Letter: Letter to the Editor, Don Hill


To the editor:

Do you have a “Black Sheep” in your family? Well, according to my Mom and her sisters, Uncle George was ours. It was because Uncle George never seemed to hold a job and he just traveled all over doing nothing. However, to us kids, Uncle George was a Roman gladiator driving a chariot.

Uncle George was a World War I veteran. It’s not known whether he was wounded in action or never left the States. No matter, it seems that whenever he got low on money he would check into a veteran’s hospital for a few days to “recuperate.”

On occasion, he would return home and show the family photos of all the places he had been. Beautiful cities, mountains, beaches and even hula girls in Hawaii. Of course, Mom wouldn’t let us kids see such things, but Uncle George would. I would hear Mom and her sisters talk about Uncle George staying in hotels. Of all things! He used terms as “checking in and checking out.” What language!

Once, on one of his trips home, he had slung over his back an army tent and utensils. He needed a place to pitch it, so Dad let him set up on a patch of land we had. Us kids, my brother and I and some south end kids, went to visit him at his campsite.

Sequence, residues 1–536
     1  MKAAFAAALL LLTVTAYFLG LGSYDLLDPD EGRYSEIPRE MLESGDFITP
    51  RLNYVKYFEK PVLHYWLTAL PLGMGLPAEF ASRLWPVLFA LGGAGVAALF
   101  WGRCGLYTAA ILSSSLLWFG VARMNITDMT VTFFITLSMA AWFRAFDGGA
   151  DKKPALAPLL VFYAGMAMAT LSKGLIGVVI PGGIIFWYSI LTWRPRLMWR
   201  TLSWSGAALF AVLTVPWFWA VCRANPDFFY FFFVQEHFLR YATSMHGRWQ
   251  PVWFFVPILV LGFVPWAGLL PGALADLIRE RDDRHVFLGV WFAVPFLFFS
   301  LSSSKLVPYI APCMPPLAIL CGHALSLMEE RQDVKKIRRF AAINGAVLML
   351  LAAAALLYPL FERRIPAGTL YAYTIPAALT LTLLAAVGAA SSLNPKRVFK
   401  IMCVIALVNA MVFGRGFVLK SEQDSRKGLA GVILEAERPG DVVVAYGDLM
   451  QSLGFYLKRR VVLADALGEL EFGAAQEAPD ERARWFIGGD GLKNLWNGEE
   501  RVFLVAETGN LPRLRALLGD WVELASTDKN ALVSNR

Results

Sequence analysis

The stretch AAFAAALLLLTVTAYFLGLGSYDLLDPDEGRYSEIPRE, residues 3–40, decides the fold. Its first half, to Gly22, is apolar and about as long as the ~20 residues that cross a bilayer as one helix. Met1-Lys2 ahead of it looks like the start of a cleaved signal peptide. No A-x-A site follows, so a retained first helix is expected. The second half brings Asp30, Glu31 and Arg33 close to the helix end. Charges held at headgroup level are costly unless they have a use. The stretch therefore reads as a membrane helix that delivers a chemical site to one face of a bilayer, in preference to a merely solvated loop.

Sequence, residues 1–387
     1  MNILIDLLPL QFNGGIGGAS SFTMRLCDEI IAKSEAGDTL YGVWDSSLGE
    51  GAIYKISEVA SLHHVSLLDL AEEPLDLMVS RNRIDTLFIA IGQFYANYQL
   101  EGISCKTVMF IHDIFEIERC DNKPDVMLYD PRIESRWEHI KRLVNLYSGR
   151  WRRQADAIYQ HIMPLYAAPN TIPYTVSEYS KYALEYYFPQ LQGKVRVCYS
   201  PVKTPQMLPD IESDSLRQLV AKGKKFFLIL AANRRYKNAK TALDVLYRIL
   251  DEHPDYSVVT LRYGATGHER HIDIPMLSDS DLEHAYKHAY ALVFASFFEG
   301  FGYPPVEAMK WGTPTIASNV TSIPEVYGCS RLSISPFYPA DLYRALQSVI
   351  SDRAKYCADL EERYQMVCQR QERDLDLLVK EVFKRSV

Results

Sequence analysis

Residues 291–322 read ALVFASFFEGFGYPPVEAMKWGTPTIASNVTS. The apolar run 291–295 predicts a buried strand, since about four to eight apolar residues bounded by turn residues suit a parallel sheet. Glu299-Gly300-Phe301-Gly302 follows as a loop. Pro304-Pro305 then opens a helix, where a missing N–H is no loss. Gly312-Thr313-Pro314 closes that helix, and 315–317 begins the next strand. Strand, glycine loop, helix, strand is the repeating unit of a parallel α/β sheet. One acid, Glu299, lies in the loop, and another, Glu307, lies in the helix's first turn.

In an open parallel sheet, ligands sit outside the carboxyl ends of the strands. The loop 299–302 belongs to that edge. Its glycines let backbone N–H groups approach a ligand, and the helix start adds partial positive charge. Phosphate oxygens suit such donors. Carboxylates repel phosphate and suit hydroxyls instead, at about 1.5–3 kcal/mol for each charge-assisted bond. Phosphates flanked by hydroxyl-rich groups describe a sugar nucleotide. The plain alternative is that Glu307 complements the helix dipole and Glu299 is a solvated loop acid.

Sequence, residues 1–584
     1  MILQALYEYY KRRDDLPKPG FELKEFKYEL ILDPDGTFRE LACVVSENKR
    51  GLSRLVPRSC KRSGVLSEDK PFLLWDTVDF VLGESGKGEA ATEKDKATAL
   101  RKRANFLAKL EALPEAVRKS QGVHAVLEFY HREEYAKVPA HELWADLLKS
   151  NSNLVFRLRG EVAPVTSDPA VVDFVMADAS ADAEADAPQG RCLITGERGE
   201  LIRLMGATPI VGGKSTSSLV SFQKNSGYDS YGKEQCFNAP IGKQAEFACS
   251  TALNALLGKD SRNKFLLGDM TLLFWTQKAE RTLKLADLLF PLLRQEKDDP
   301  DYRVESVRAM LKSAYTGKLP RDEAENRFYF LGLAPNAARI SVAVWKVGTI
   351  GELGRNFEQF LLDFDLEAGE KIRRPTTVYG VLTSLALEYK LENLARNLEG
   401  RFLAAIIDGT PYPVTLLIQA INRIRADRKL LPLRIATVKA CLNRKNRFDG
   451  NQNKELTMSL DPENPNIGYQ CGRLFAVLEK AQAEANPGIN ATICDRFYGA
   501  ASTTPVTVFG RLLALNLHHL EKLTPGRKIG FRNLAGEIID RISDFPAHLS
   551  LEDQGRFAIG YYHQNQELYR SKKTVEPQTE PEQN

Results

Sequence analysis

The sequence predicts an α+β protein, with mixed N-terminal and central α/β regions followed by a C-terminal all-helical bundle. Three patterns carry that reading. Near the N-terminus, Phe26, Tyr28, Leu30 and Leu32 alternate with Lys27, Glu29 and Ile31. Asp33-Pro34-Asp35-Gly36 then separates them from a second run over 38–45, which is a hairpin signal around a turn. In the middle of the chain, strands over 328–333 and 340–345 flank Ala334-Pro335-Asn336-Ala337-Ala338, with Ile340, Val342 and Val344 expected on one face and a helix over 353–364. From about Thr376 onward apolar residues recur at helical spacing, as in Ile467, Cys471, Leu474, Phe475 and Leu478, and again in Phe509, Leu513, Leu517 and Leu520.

To our wondrous eyes we were exposed to unimaginable things. He was cooking a T-bone steak over the fire. A whole T-bone steak for just himself. We had never seen a T-bone steak let alone a whole piece of meat for one person. And olives! It was totally new to us kids. Seems Uncle George lived a life of splendor that was only dreamed of by the likes of us. Black sheep my eye!

Uncle George is buried in Arlington National Cemetery. A hero to us kids no matter what our parents thought. I think of him whenever I see a T-bone steak. Maybe I could have been a Black Sheep.

Don Hill


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